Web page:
In times of extreme stress, we often discover what we’re made of.
Some rally to the moment with acts of heroism and generosity, as many Americans did following the terrorist attacks of Sept. 11 almost four years ago. In such times we marvel at human resiliency and the core of goodness that props up Homo sapiens americanus.
At other times, people devolve into the animals we really are just beneath the thin veneer we call civilization, as we’ve witnessed the past several days in New Orleans. In a matter of hours, a rampaging few took it upon themselves to terrorize a sinking city. They shamed a nation already ashamed, as we became bystanders to a tragedy over which no one seemed to have control.
The differences between 9/11 and Hurricane Katrina are obvious and many. One was a targeted strike in a relatively contained area in one of the world’s wealthiest corners. The other was an inundation in a vast region that included some of the nation’s poorest neighborhoods.
But another difference – the one everyone is talking about – was leadership.
After 9/11, officials stepped up immediately to harness chaos, most notably New York City Mayor Rudy Giuliani, who became the face and figure of authority, competence and, perhaps of equal importance, empathy.
There was no such rush to competence this time around for reasons that are too complex, and as yet unclear, to properly vet in this space. In our race to affix blame, we’ve found more questions than answers.
All historic events seem to produce an iconographic image that captures the rush and blush of the moment. Katrina may have many, but the single image that speaks loudest is of a submerged New Orleans parking lot filled with school buses.
Why weren’t those buses packed in the early hours of the mandatory evacuation with the people whose bodies are now being collected? The “whys” only begin there, followed by, “Who’s to blame?” The fact of so much finger pointing merely betrays the extent of guilt.
The obvious truth is government – local, state and federal – didn’t do enough before the storm hit or thereafter. Yes, it is up to individuals and families to look out for themselves, their own and, one hopes, their neighbors. But it is up to government to intercede when citizens are, for whatever reason, incapable of acting.
If you know, as surely the city of New Orleans did, that some percentage of the population is too poor, sick, young, elderly or disabled to leave – and living below sea level in a city whose levees are inadequate to protect against anything above a Category 3 hurricane – then government has to act. Swiftly and unequivocally.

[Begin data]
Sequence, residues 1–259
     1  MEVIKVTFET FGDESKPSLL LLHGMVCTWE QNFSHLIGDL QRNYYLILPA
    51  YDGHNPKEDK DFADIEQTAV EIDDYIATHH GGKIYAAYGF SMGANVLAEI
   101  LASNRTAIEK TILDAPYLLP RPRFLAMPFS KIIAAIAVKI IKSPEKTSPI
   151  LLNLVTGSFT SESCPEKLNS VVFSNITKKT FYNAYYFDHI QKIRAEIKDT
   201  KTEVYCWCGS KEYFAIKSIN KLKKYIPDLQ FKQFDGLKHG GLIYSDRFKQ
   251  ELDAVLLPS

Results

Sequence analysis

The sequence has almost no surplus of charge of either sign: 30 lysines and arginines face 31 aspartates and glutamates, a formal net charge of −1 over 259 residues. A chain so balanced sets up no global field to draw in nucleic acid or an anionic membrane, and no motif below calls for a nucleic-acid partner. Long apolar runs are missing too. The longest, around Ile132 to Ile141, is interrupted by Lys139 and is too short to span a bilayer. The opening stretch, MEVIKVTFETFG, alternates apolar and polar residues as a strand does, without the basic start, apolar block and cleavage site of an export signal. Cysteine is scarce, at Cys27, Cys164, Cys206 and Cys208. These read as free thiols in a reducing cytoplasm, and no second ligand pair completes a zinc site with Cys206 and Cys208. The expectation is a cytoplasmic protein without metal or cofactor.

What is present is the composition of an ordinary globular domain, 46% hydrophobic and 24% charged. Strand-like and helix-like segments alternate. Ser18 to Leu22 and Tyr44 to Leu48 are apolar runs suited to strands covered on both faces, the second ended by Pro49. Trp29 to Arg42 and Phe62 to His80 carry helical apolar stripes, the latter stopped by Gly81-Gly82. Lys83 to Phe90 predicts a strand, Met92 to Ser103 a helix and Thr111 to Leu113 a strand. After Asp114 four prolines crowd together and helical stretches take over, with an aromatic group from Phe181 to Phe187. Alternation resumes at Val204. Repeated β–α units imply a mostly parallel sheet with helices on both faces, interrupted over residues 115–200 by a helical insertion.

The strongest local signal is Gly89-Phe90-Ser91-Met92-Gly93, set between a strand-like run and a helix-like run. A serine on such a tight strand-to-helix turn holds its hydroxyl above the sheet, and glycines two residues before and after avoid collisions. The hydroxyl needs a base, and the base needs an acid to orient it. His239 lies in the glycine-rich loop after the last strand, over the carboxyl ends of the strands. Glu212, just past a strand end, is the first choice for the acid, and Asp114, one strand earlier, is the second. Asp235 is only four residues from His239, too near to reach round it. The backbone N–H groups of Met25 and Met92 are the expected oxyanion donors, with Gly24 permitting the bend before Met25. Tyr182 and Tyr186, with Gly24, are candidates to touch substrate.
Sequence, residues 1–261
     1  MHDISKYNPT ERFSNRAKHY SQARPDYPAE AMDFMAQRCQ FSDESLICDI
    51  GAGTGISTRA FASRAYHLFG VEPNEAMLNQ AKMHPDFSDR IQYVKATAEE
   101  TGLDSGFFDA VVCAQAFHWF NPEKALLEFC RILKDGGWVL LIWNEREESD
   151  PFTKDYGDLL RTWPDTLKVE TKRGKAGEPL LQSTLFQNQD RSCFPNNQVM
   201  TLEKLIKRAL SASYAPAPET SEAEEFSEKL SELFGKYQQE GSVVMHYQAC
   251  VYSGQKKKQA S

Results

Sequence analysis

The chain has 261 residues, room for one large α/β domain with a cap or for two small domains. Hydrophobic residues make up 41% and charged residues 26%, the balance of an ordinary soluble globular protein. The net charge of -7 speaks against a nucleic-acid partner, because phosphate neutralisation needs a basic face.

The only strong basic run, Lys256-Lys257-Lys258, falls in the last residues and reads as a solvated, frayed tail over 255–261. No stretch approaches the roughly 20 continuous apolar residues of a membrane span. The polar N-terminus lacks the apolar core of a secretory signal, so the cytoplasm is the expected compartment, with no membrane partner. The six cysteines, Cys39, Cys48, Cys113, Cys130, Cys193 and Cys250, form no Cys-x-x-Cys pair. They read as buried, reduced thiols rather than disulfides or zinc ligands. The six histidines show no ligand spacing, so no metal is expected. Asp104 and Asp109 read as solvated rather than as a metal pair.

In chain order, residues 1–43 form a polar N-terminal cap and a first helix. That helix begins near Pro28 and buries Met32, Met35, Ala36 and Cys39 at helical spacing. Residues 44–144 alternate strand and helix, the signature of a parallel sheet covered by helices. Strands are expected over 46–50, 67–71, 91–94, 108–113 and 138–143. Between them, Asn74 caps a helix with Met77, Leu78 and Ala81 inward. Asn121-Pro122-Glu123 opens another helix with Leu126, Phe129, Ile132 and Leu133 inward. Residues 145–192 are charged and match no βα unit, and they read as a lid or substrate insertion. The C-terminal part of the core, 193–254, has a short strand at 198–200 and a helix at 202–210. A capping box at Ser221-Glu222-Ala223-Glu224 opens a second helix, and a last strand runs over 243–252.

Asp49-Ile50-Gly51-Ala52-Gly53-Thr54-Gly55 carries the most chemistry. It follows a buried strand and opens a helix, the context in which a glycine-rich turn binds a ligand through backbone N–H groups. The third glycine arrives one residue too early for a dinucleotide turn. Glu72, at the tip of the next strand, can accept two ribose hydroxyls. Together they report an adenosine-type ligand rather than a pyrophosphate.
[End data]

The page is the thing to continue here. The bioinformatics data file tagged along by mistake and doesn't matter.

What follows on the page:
Everyone seems to have failed to varying degrees, including President George W. Bush for this simple reason: He is the commander in chief and this was a national disaster. No, he didn’t cause the hurricane, nor, by the way, did God in retribution against sin, or gays, or corruption – or whatever story the end-time gang is advancing this week.
But Bush did fail to act swiftly and unequivocally. When he did act, at least initially, it was without authority, without competence and – never more important – without apparent empathy. You do not have to let a tear drip all the way down your cheek while the cameras are rolling to convincingly communicate empathy. But you do have to choose your words carefully in order to convey emotions appropriate to the moment.
To wit: You do not talk about Trent Lott’s lost house and his beloved front porch when thousands are rotting in a stinking incubator without food, water, medicine, air or bathroom facilities. You do not talk folksy about “cuttin’ those ribbons” when businesses are back up somewhere in the future when in the present people are fishing the grim remains of loved ones from gutters and attics.
Here’s what you do, and what Bush should have done. You kick ass.
The man at the top of the food chain does not have to play by bureaucracy’s rule. As commander in chief, Bush should have helicoptered into New Orleans (he could have worn his flight suit from his Operation Mission Accomplished jet carrier landing), parked himself next to the Superdome and started ordering his generals to get the job done.
Whatever needed doing. However possible.
Instead, he came too late to the disaster and caused even supporters to cringe with every ill-chosen word. He lost not only the politician’s fantasy photo op, but he let slip the rarest of opportunities – that of saving human life and the nation’s pride. By his performance in this time of extreme stress, Bush may have revealed a truer self than we were meant to see.
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